By Polly Brewster, Laure Nouraout, Essie Graham & Katarina Hybenova

One day we woke up, and realized that four new coffee shops opened within past five months between the Jefferson and Dekalb L stops. I mean, four! We visited them all, and concluded that new coffee shops are some really excellent additions to the neighborhood, particularly on blocks where residents lacked morning caffeine buzz.  And the owners? From some serious coffee nerds to waterfall designers, the owners form interesting new school of Bushwick young entrepreneurs.

Cafe 248 (248 McKibbin St): Delish foods + Gossips from McKibbin Lofts

Photo by Polly Brewster for Bushwick Daily

This new coffee spot in the McKibbin Loft building owned by McKibbin Loft vetaran resident, Joe Murray, doesn’t have a lot of seating, but it makes up for the lack of chairs with a big selection of food and drinks at old school Bushwick prices. House drip starts at $1.50 while an iced coffee is $3. The café also whips up a daily selection of slightly exotic iced teas that sound as refreshing as they taste, such as hibiscus with rose petals and lavender with pine leaves ($3 each). The food offerings are expansive and super affordable including house-made waffles ($6), hearty sandwiches like egg salad on ciabatta ($4.50), freekeh salad (small $3.50/large $6) and a variety of treats from Chime’s Bakery. The decor feels a bit slapdash and bare like the typical apartment of a new McKibbin loft resident. It doesn’t yet possess a super cool vibe that will make it your go-to work outpost (plus it doesn’t have Wi-Fi), but it’s a perfect place to grab a quality coffee, a quick meal and some McKibbin loft gossip. We caught this quick convo as we perused the cookie jars.

“They brought some couch from the street right into our living room.”

“Why would they do that?”

“Because they live in some Woodstock-time-warp where everything is okay and bed bugs don’t exist.”

– Polly Brewster

Milk & Pull (181 Irving Ave): Chai Latte to die for!

Photos via Milk & Pull Facebook page, edit by Bushwick Daily.

At first glance, you may not notice this small coffee place on Irving and Stanhope, but Milk & Pull is totally worth discovering. Rock music in the speakers, art posters on the wall, raw wooden tables – the atmosphere is laid back and cosy, just like the owners want it. Everything here is local, from the Stumptown coffee (they brew the iced coffee themselves) to the Dough pastries and Bagelsmith bagels. Soon, you’ll also be able to taste a couple of sandwiches. When we go back, we’ll definitely try the Chai Latte, which is, according to a customer, “the best [she] ever had in her life.”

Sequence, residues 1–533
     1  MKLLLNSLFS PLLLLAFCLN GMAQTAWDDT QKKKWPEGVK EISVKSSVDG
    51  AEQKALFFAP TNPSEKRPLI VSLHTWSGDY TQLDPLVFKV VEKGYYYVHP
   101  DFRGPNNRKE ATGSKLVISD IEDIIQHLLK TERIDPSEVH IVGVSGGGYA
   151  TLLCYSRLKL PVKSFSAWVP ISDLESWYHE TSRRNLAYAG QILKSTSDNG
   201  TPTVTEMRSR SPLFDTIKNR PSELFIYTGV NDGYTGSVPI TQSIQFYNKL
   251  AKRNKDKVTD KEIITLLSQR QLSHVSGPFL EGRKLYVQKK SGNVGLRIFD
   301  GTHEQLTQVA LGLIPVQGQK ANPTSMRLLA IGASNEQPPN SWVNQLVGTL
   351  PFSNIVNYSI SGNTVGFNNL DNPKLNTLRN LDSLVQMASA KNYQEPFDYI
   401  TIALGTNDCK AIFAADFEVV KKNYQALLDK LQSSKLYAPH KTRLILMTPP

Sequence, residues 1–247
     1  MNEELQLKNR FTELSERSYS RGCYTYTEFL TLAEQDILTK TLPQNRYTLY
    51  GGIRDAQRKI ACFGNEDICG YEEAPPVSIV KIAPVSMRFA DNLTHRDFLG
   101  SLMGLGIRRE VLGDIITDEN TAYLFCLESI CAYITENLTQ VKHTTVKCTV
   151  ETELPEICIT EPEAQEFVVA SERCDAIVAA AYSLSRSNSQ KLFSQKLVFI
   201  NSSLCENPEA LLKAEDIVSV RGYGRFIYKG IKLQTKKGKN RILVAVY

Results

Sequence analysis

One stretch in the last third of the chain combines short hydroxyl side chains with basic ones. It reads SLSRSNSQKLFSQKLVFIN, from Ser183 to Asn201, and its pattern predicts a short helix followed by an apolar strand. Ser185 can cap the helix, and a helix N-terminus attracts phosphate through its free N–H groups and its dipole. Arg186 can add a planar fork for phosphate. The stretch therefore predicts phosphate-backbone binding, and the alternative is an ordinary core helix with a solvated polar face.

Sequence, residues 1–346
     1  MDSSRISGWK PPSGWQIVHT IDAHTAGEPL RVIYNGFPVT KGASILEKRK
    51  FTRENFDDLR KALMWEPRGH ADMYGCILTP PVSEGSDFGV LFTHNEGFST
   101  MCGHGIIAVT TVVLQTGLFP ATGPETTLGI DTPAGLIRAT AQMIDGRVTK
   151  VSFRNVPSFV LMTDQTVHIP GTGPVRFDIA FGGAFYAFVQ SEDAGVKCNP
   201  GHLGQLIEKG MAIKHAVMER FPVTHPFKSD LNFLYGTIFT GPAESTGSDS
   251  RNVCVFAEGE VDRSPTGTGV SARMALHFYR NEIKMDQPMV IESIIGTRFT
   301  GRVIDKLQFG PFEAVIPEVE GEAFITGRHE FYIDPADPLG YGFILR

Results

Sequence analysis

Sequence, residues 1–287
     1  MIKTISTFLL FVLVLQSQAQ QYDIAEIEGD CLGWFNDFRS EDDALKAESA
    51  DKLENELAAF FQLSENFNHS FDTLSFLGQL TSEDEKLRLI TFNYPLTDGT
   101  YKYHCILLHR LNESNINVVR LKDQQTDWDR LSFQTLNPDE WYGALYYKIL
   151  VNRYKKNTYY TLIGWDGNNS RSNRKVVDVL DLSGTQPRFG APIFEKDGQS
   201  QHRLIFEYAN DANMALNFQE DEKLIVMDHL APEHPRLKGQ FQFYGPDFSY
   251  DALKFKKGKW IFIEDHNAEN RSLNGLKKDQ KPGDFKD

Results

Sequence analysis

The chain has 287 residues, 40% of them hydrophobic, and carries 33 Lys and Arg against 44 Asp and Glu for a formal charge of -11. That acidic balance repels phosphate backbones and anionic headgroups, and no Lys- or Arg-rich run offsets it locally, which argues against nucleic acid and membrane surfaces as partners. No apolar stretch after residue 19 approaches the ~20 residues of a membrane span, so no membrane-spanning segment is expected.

– Laure Nouraout 

AP (426 Troutman Street): OMG, waterfalls! We mean waterfalls!

AP (photo by Katarina Hybenova)

Here at Jefferson Stop, we are growing more and more used to (and warmly welcoming towards) the new little spots that are popping up left right and centered in our little nook of Bushwick. Case in point, enter AP Cafe, the new, large, divinely minimalist coffee spot that has opened its floor-to-ceiling glass doors to the lucky coffee-heads and freelance crowd of Jefferson Ave.

Located just between Wyckoff and St. Nick’s on Troutman, the space is large, stark white (in a cool, modernist way), with high ceilings and a sort of zen decor, including waterfalls that flow down the wall on the exterior and interior of the building. The drink and food menu is perfectly paired for the venue – easy, simply, good coffee and pastries, with a plan to expand in the coming months.

From classic espresso drinks to some more exotic, regional drinks, including a spicy cold tea-type drink called Sorrel, the spot fits effortlessly into a neighborhood that we still like to think is, um, undiscovered.

– Essie Graham 

Strangeways (87 St Nicholas Ave): Simply phenomenal coffee!

Photo by Katarina Hybenova

On a sleepy block of the marvelous St. Nicholas Ave, right across the street from Schema Projects, a new coffee shop is alluring caffeine junkies with the divine smell of freshly brewed coffee. Eddie Cedeño, one of the three co-owners, says that the “only” ambition Strangeways has is to perfect the craftsmanship of coffee-making. They don’t offer food (with the exception of donuts and pastries) or anything else. Just plain and simple, phenomenal coffee. And when we say phenomenal, we mean it. As an employee of Oslo Coffee Roasters, Eddie travelled to Nicaraguan coffee plantations, cupped lotsa coffee, and brought back the most delicious beans he was able to find. How many coffee shops can say they personally know the farmer who grows their coffee? Not surprisingly, the coffee is delicious, the decor of the place is simple, and this little gem has huge potential to become your neighborhood’s favorite.

Oh, in case you’re curious about the name, Strangeways, Here We Come is the title of the final album of  The Smiths, and the first song at the album goes:

They said :

“There’s too much caffeine

In your bloodstream

And a lack of real spice

In your life”


– Katarina Hybenova